Feb 4, 2021
Feeling burned out?
More Americans are eating in during the pandemic, and while cooking at home often means fewer dollars spent, you might be feeling kitchen fatigue. During this stressful time, cooking has become yet another to-do on an already long list that can feel overwhelming.
Following are a few ideas to help refresh your recipe collection and hopefully ease some of the meal-planning and preparation stress.
Hello, crockpot. Goodbye, meal time stress
What I love most about using a crockpot is that I can put a dinner on first thing in the morning, walk away, and by the time I’m logging off for the day, a healthy, yummy home-cooked meal is ready and waiting. One of my favorite go-to recipes is honey garlic chicken. In the morning, I put some organic boneless, skinless chicken breasts, honey, garlic and low-sodium soy sauce in the crockpot, and cook on low for 8 hours. When you’re ready to serve, it can be paired with some easy-to-cook precut veggies from the produce section, such as green beans, and some quick-cook brown rice or quinoa for a delicious, balanced meal. It’s easy, with minimal prep and minimal clean-up, and you can freeze the leftovers for another meal.
Love your leftovers
Speaking of leftovers, soups and stews can be a snap—they’re a great way to repurpose leftovers while also packing in a bunch of essential vitamins and minerals in one meal without adding extra stress. First, find whatever veggies or leftovers you might have on hand in your refrigerator (and a lean meat protein if you like), then add some beans and your favorite seasonings to some water, chicken or veggie stock, bring to a boil on the stove (or add all ingredients to your crockpot) and simmer. You’ll have a healthy meal that’s much lower in calories and sodium than its canned soup cousins. Or you can make a healthy, quick chili in the crockpot with leftover veggies, some beans, tomatoes, chicken broth, seasonings and lean ground turkey or leftover chicken.
“Kitchen Sink Stir Fry”
Almost anything is good in a stir fry! Just cook some lean protein in a skillet pan on the stove until lightly browned. In a separate pan, steam whatever veggies you may have on hand—my favorites are precut bagged broccoli, shredded carrots, snap peas and cauliflower. Add in some low-sodium sesame teriyaki sauce and some quick-cook brown rice, combine and serve for a quick-and-easy weeknight meal.
Who says you have to “cook” dinner?
Like breakfast, a salad can be a great, easy meal any time. Just buy a bagged salad, add some hard-boiled eggs (you can hard boil a few at the start of the week) or tuna or leftover chicken, and then get creative by adding some sliced avocado, tomatoes, shredded carrots and/or whatever nuts, seeds, chickpeas, lentils or beans you like. Top with your favorite dressing and enjoy!
Mix it up with meatless
For a meal that's good for your body, wallet and stress level, try black bean quesadillas with tortillas, black beans (rinsed and drained), salsa, cilantro, sliced avocado and low-fat shredded cheese. Or create a meatless pasta dish with squash noodles or one of the new pastas made from lentils or chickpeas for extra protein. Serve with your favorite sauce for an easy meal in minutes.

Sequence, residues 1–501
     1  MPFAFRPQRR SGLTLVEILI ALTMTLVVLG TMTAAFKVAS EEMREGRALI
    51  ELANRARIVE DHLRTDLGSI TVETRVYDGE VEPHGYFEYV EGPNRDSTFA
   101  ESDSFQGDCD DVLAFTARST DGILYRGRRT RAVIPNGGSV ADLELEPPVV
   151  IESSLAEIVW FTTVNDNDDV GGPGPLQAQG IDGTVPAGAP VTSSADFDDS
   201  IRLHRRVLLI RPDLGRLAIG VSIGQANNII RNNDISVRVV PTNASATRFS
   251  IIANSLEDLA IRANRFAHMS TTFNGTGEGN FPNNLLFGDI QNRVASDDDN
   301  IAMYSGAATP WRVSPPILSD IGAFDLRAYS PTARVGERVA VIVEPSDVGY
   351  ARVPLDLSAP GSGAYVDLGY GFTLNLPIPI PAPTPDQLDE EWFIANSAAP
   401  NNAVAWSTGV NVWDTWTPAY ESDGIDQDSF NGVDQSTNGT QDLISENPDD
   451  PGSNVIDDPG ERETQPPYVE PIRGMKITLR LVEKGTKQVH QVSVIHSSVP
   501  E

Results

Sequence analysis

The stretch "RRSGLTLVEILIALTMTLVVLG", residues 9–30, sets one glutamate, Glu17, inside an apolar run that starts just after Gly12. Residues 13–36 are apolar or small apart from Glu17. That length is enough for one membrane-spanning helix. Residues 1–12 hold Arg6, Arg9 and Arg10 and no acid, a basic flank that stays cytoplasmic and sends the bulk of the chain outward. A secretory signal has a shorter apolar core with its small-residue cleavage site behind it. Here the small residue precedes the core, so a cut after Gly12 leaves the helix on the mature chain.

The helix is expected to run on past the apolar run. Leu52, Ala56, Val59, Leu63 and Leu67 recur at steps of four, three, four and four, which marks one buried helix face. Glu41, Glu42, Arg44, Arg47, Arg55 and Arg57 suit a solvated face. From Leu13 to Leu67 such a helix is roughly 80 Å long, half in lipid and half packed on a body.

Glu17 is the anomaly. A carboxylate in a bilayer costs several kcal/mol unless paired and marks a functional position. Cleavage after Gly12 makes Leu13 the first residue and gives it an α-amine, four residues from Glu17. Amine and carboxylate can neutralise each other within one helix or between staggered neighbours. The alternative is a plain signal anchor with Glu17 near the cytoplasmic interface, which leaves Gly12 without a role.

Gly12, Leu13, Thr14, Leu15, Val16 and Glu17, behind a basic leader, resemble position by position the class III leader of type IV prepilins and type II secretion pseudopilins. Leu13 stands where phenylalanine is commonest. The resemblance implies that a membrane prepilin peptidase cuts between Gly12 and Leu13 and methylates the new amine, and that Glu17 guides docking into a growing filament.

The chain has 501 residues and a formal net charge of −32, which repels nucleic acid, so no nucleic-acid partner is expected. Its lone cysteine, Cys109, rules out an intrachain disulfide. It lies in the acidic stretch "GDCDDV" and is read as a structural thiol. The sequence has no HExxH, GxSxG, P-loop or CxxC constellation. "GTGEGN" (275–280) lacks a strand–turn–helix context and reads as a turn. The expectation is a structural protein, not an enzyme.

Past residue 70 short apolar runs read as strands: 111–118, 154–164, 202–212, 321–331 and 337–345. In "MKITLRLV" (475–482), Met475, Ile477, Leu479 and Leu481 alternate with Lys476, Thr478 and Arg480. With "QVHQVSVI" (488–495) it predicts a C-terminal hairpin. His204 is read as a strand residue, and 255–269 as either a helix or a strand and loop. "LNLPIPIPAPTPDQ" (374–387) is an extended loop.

Fish is a favorite
In New England, we love our fish! You can place any type of fish in a nonstick baking pan, drizzle with some olive oil and your favorite seasonings, then cook in the oven for 20-25 minutes. For fish like salmon, I typically add some olive oil and a lemon herb seasoning (investing in a few spice mixtures you like is a great way to save time and add a burst of flavor without sodium and fat). For milder types of fish like haddock or cod, I like to add a light coating of Italian breadcrumbs and some grated Parmesan-Romano cheese on top, then serve along with some quick-cook brown rice and veggies for another great healthy meal in minutes.
Two (or three) in one
Try to double (or triple) recipes to make a bigger batch when preparing meals, so you won’t have to cook for a few days and can have some time back for yourself. For example, when you make chicken, save half to have on hand for salads or sandwiches for lunch or dinner during the week. That’s two or three meals already prepped in minutes and one less thing to stress over.
Buy precooked, pre-chopped
Fill your grocery cart with convenient staples such as precut veggies, bagged lettuce, low-fat shredded cheese, lean protein, healthy whole-grain sides like brown rice or quinoa, chicken or veggie broth and beans. Consider grabbing a rotisserie chicken, too. You can enjoy part of it for dinner and then use the leftovers for a quick sandwich or salad topper, and even use the bones to make stock for your crockpot soup or stews.
Get the kids to help
Make mealtime more fun by cooking with your kids. They can help prepare simple foods like precut veggies or measuring brown rice, and older ones can follow along with an online recipe. Teaching your kids to cook is not only a great way to help ease your workload, but can help those picky eaters become involved, learn about healthy eating and who knows, possibly become a budding chef!
During the pandemic, I have found that cooking is a great way to connect with friends and family. Virtual cooking chats can be a fun way to swap recipes and connect while helping to get dinner started!
Home cooking is so good for us—both for our overall health and our wallets. And it doesn’t have to be stressful. As always, if you have some of your own tips, tricks and healthy recipes to share, please reach out. Until next time, happy, healthy cooking!
Heather Baptiste was interviewed by Rachel Coppola for this column.
Heather is a Blue Cross Blue Shield of Massachusetts health engagement strategist and a registered dietitian. Have a question about wellness that you would like us to address in a column? Contact us here!
Photo of Heather Baptiste by Michael Grimmett